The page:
The Romans used the Latin language, and they spread their language to various places. They used classical Latin in different forms of writing, but the ordinary people spoke a different form of Latin. The language was common among ordinary people, especially in the Western side of the Empire. Latin was the administrative language of the empire, so many of the elite used it. The use of the language was important in maintaining stability and ensuring development of trade. The Latin language developed into different forms in different countries. For example, it developed into the Romance languages such as Italian, French, Spanish, and Portuguese (Bulliet et al. 157). The Romans understood the importance of stability, and they did not force their ideals on people. This enabled the locals to maintain their culture, while at the same time copying some of the cultural elements of the Romans, which they admired. For instance, many people wore the toga, which was a cultural dress of the Romans. There was no single religion in the Empire because of many traditions and different people living there. People had a different view on religion, as they did not use it to describe a belief system, as is the case today. The Romans had copied the religion of the Greek culture, although they had modified it to suit their traditions. The Romans depended on Greek myths, and they used them as a basis for their religion (Huskinson 254). For example, they coined the Roman names for different Greek gods. When the Empire expanded, the Romans did not enforce their religious beliefs on other peoples.

One of the greatest influences of the Roman culture was the Roman law. The Romans developed the Law of the Twelve Tables, and as time went by, they saw the need to revise the law to make it more relevant and less confusing for the people. A huge part of that law has become a model law for many countries today. The law was popular among many people because the lawmakers made it good and fair. Moreover, although the Romans developed the law, different people in the conquered land were able to adapt it to suit their conditions. This enabled the law to progress, and remained continuously relevant. The Romans were also able to influence the political governments of different regions. This influence continues today, especially in federal government, where there is separation of the federal and state governments.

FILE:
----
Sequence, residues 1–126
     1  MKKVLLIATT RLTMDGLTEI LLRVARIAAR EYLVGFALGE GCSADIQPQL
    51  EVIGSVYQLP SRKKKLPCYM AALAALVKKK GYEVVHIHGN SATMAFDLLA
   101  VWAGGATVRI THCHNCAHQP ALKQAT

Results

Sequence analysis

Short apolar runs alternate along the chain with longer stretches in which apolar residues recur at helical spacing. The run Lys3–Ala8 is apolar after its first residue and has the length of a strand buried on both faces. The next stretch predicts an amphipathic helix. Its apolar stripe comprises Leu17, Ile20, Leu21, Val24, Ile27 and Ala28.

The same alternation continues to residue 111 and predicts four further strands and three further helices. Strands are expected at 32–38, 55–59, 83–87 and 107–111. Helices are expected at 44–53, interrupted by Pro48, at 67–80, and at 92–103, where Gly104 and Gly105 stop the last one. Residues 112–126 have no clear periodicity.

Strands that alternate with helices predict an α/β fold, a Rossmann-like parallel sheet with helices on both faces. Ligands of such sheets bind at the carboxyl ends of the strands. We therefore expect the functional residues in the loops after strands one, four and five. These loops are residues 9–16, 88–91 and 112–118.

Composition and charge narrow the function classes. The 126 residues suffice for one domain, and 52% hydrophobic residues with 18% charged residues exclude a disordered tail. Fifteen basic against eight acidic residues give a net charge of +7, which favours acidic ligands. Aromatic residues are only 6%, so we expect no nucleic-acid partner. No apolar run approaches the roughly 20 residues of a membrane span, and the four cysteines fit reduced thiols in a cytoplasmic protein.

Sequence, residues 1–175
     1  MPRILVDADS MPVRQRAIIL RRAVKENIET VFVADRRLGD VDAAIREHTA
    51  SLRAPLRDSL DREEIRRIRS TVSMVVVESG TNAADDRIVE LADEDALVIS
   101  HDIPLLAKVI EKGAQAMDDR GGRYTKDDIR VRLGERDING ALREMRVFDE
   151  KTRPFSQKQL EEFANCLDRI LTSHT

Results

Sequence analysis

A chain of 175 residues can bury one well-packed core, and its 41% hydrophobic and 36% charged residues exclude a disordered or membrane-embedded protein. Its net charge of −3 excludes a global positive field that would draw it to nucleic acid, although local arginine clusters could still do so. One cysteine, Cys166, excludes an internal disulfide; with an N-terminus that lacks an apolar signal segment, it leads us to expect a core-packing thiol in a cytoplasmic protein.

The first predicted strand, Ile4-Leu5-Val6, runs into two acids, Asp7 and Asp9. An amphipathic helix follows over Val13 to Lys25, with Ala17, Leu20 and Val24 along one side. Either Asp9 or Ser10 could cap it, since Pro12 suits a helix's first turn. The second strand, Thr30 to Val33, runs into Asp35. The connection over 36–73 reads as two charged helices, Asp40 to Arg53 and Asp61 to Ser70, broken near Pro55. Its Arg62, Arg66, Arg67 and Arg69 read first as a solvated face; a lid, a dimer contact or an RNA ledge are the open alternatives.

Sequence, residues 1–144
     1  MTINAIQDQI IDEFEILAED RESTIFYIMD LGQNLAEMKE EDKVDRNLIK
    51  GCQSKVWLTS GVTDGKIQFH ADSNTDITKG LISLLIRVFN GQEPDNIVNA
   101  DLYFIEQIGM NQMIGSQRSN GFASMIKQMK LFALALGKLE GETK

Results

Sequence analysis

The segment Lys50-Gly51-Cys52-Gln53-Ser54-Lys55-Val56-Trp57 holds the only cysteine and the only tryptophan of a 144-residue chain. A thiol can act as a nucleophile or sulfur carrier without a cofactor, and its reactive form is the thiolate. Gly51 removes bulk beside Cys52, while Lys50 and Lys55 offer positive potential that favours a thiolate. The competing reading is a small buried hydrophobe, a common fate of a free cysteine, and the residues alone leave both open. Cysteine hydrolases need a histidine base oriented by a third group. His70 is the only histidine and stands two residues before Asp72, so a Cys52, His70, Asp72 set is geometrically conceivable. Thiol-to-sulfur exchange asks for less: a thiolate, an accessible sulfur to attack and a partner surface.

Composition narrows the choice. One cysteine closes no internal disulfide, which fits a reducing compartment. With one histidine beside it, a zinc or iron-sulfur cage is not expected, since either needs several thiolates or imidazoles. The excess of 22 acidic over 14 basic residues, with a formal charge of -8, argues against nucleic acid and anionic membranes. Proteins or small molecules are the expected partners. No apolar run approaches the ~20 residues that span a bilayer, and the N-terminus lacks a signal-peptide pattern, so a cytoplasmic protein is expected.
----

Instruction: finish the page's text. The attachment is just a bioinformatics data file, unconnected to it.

The Roman Empire had both good and bad leaders. Some of the leaders were wise and they knew how to run the extensive empire. Other leaders were not so knowledgeable about ruling, so they ended up dividing the empire and causing disunity among the people. The fall of the Roman Empire was a beginning of the end of Roman culture. This is because there were no longer people dedicated to advancing it. Most of the soldiers recruited in the war did not pledge allegiance to Rome because they were not Romans, and their lack of patriotism meant that they were not willing to defend the Empire (Hingley 56). The Roman soldiers had been one of the most influential forces in spreading the Roman culture. They would build villas and cities in the conquered non-Roman regions, thus introducing Roman architecture to these regions. They would also impose the ideas and culture of the Romans on the local people. The people would adopt the Roman culture and use it to their best interest (Ermafinger 1-2).

Moving of the capital from the Western side of the Roman Empire to Byzantium contributed to the fall of the Empire. Rome was the center of power and it was where the emperor resided. The city of Byzantine was strategically located, and it survived after the death of Constantine. However, much of the Western side of the Roman Empire was ruined. The Eastern side largely adopted the Greek culture. Its strategic location made it wealthy because of trade, and it was well located to defend itself. The Western side of the Empire retained most of the Roman culture. The cities in the Western side of the Empire were poor. They largely depended on agriculture, and years of poor farming practices and decades of war had contributed to the decline in land productivity. The rise of Christianity in the Roman Empire also contributed to the decline of Roman culture. Christianity condemned the actions of the Roman world, and so the practicing of Christianity meant the end to some of the Roman cultural practices (Ermafinger 6). Christians neither had the desire to fight in wars, nor did they worship the numerous gods of the Romans. This led to the end of the numerous temples in the city.

The Roman Empire was one of the most diverse and extensive empires in the world. It extended to different countries and established its influence in all its regions of operation. The Romans wanted many people to adopt their culture and they encouraged this by use of the military and by appealing to people in different ways. They did not force their culture on other peoples, nor did they demand that the local people abandon their culture. This appealed to many people, since they were able to take in the cultural elements of the Roman Empire that they liked, while at the same time maintaining their own culture. However, bad and poor leadership contributed to the fall of the Empire, and this led to the decline of the Roman culture in many regions. Despite the fall, some aspects of the Roman culture continue today.